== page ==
If you are experiencing problems downloading PDF or HTML fulltext, our helpdesk recommend clearing your browser cache and trying again. If you need help in clearing your cache, please click here . Still need help? Email email@example.com
Treatment of cow's milk allergy (CMA) in children includes avoidance of cow's milk and providing a milk substitute. This study was designed to determine whether CMA children could safely consume camel's milk as an alternative, and skin-prick test (SPT) to camel's milk could be a reliable
tool in selecting them. Between April 2007 and February 2010, children with confirmed CMA seen at the Allergy‐Immunology Clinic, Hamad Medical Corp., were enrolled into this prospective cohort study. Subjects had a detailed history and medical examination, complete blood count with
differential count, total serum IgE, and specific IgE test and SPT to cow's milk. Patients with positive SPT and an elevated cow's milk‐specific IgE had negative SPT to camel's milk. Of 35 children (23 male and 12 female children) aged 4‐126 months (median, 21 months), 23 patients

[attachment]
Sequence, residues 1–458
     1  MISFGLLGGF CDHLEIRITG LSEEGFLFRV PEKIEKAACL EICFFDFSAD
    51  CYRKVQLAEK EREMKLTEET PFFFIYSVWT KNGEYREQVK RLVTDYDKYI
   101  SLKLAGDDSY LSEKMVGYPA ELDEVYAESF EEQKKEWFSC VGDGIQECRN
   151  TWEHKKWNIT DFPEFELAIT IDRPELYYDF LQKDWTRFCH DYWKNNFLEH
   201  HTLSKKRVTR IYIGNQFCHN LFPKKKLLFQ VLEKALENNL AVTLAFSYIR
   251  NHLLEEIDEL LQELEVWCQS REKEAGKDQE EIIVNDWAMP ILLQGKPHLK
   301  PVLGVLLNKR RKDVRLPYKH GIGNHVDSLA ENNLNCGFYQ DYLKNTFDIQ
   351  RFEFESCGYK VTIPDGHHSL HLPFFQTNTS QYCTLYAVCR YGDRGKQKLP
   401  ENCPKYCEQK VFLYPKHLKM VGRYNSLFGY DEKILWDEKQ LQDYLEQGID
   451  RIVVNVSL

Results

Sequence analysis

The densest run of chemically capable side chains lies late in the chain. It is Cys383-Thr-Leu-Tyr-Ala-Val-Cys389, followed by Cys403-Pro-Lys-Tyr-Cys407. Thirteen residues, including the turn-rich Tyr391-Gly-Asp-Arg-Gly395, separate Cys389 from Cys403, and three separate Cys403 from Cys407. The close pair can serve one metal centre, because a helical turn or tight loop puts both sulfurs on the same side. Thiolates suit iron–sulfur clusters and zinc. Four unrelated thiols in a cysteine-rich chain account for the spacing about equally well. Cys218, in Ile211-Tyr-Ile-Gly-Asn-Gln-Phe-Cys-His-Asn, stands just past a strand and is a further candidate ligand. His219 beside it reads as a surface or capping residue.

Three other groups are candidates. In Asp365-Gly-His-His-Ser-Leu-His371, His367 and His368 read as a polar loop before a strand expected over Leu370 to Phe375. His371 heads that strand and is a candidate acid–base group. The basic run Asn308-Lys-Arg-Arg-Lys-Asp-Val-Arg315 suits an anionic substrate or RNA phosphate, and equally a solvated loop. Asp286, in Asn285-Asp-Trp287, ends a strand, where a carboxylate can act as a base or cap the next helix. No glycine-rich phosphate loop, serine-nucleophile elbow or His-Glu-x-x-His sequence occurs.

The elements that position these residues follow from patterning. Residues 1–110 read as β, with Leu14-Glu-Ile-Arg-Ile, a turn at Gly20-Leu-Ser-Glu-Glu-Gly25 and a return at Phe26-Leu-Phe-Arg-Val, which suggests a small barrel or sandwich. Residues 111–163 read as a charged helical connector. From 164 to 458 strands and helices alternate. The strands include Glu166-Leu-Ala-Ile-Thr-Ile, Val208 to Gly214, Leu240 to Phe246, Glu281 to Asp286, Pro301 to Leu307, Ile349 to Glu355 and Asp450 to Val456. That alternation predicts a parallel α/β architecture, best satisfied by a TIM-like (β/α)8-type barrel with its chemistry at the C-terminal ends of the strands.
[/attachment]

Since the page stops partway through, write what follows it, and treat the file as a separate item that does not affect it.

(65.7%) presented with acute urticaria, 17 (48.6%) with atopic dermatitis, 9 (25.7%) with anaphylaxis, 8 (22.9%) with failure to thrive, and 5 (14.3%) with chronic vomiting. Twenty-eight patients (80%) had family history of allergy. Twenty-six patients (74.3%) were breast-fed for ≤18 months.
Mean white blood cell count was 9860.5 cells/μL, absolute eosinophil count was 1219 cells/μL, IgE was 682 IU/mL, and cow's milk‐specific IgE was 22.01 kU/L. Only 7 patients (20%) had positive SPT to camel's milk and 28 (80%) were negative to camel's milk. All patients with negative
SPT took camel's milk without any reactions. In children with CMA, SPT is a reliable clinical test in ruling out reactivity to camel's milk so these children could safely take camel's milk as an alternative nutrient.
Allergy and Asthma Proceedings is a peer reviewed publication dedicated to distributing timely scientific research regarding advancements in the knowledge and practice of allergy, asthma and immunology. Its primary readership consists of allergists and pulmonologists.
The goal of the Proceedings is to publish articles with a predominantly clinical focus which directly impact quality of care for patients with allergic disease and asthma.
Featured topics include asthma, rhinitis, sinusitis, food allergies, allergic skin diseases, diagnostic techniques, allergens, and treatment modalities. Published material includes peer-reviewed original research, clinical trials and review articles.
Articles marked "F" offer free full text for personal noncommercial use only.